Borgström called, in an open letter in the Dagens Nyheter daily on
Wednesday, for an "objective and intellectually honourable" investigation into whether he neglected his responsibilities in his defence of Quick, and thus contributed to his conviction for six murders.
But the association has replied that there will be no disciplinary process and expressed understanding for Borgström's dilemma over claims that he helped the prosecution by withholding evidence.
"There are two important principles to which a lawyer must comply, namely, confidentiality and the duty of loyalty to the client, which has caused his dilemma," said Tomas Nilsson at the association.
Nilsson argued that it is impossible to conduct a disciplinary investigation against Borgström while so much remains up in the air over Quicks convictions.
"A new trial has been granted and more applications are said to be on their way. We don't know how it will end. With the monumental uncertainty, it is not possible to conduct a fair and thorough investigation," said Nilsson.
Thomas Quick, who has since changed his name back to Sture Bergwall, has retracted all previous confessions and is petitioning for retrials in all cases against him.
"It has been said that I am aware of evidence that would have proven that Bergwall was innocent of the murders he confessed to, that I without protest took part in several police interviews in which Bergwall had been heavily sedated and that I, without objection, accepted that police during reconstructions instructed Bergwall how he would find a certain place," said Borgstrom.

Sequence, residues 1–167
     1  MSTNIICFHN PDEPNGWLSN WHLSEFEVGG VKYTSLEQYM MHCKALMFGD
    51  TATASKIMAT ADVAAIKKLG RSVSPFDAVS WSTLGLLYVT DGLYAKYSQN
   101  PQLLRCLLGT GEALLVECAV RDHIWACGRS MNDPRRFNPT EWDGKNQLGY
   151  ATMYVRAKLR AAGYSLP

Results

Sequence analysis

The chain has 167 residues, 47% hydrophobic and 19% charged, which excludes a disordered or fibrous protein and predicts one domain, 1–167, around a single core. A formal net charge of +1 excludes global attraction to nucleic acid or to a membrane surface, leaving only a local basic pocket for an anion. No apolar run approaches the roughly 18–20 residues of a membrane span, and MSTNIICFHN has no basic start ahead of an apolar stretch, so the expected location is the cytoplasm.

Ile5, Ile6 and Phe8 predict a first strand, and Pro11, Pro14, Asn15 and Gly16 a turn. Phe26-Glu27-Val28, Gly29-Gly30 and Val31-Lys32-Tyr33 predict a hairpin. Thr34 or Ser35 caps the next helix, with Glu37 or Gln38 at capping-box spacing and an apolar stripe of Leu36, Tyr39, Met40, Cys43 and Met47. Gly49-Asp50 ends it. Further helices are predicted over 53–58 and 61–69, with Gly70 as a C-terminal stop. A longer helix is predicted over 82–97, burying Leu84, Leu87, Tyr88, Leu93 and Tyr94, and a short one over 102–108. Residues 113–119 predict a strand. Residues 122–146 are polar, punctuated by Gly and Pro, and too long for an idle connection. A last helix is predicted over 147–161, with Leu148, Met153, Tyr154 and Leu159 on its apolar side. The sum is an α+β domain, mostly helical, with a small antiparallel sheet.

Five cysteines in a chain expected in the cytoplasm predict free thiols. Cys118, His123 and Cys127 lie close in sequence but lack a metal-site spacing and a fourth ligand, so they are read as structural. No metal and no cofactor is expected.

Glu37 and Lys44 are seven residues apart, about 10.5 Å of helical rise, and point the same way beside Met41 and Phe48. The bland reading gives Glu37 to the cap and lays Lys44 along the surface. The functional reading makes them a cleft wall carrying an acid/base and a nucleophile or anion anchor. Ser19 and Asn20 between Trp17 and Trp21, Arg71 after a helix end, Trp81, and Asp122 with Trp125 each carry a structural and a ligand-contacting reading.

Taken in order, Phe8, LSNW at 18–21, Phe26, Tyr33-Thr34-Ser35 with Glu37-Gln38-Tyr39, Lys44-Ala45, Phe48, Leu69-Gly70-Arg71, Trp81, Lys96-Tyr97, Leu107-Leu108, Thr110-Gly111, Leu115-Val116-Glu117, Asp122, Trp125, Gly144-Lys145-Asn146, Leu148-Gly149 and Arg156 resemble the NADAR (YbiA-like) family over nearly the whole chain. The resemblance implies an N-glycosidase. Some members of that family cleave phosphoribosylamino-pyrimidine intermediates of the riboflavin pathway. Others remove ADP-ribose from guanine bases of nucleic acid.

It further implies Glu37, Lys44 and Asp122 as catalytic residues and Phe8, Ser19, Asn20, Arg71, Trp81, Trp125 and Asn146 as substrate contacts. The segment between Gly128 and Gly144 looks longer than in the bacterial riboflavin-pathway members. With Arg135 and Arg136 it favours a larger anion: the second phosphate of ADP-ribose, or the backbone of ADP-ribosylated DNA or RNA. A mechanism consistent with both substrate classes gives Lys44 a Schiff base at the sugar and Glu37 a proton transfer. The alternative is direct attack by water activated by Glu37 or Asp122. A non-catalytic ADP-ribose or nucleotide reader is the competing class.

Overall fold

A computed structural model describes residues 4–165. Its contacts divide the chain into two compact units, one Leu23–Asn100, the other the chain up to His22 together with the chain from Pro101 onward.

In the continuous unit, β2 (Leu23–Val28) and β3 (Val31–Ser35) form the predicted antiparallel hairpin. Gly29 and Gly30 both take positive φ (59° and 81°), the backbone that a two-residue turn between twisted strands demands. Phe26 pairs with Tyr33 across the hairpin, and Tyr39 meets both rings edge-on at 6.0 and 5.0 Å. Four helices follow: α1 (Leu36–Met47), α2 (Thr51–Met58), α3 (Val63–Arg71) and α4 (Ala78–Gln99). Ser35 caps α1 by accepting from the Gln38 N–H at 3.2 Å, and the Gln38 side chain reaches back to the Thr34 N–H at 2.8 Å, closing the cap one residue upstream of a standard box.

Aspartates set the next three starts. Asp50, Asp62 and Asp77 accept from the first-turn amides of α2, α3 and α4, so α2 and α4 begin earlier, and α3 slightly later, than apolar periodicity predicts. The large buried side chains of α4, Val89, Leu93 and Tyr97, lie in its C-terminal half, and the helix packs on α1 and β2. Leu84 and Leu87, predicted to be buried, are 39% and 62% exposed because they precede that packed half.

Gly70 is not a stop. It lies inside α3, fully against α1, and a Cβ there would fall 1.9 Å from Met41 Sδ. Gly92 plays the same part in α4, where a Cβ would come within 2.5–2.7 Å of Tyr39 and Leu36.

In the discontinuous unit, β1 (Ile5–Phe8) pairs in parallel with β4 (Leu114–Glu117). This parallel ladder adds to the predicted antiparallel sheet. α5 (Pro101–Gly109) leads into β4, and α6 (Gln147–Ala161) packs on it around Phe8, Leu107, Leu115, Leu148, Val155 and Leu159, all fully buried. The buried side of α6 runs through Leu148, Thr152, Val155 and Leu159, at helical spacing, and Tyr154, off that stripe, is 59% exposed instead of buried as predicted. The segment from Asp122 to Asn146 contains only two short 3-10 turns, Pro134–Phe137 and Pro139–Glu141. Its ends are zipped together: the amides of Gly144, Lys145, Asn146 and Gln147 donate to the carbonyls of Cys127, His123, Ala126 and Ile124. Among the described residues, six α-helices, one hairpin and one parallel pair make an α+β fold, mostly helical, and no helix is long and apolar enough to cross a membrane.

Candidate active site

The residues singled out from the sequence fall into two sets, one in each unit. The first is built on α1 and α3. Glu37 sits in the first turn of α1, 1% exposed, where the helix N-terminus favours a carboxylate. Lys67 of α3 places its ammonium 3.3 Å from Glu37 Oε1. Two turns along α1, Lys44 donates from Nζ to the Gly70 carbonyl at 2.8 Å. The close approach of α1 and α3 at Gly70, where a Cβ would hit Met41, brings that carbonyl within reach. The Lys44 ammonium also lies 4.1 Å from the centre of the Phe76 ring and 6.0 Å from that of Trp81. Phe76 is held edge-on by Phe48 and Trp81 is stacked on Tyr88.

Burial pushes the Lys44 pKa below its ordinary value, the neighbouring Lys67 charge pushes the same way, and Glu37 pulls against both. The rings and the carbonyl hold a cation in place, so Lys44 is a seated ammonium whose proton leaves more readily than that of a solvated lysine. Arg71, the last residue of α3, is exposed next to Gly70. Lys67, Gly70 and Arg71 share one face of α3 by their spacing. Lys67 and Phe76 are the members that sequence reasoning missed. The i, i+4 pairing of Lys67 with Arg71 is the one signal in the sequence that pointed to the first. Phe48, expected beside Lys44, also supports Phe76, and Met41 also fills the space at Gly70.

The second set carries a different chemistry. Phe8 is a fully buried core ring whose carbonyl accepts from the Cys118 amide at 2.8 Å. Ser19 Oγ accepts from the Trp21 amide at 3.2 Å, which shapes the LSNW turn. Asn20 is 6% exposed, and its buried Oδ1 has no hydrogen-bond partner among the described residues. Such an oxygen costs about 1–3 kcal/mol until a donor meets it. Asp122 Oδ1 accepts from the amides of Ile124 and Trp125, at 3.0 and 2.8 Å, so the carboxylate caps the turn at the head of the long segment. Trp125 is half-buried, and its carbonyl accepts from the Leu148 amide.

The high-profile layer underlined that he does not consider that he has done anything wrong and argued that any lawyer who would make such mistakes should not be permitted to continue in practice.
But the former equality ombudsman explained that it is important for the legal profession and the administration of Swedish justice that the matter is investigated. Borgström furthermore criticised the Swedish media for a lack of objectivity in its reporting of the case.
"The media has done something that a court would never do, namely left out facts that do not support its own theories," he said to news agency TT on Wednesday afternoon.
Thomas Quick was convicted in six different trials for the murders of eight people. During police questioning, he confessed to committing more than 20 murders, which he claimed he committed in Sweden, Norway, and Finland.
The Local reported in April that that charred bones used as evidence in the investigation into the murder of the 9-year-old Norwegian girl Therese Johannessen, were in fact pieces of wood and glue mixed with other synthetic materials.
In December it was reported that Quick had been granted a retrial in the case of the murder of 24-year-old Yenon Levi, an Israeli tourist who was found dead near the side of a deserted forest road in Dalarna in 1988.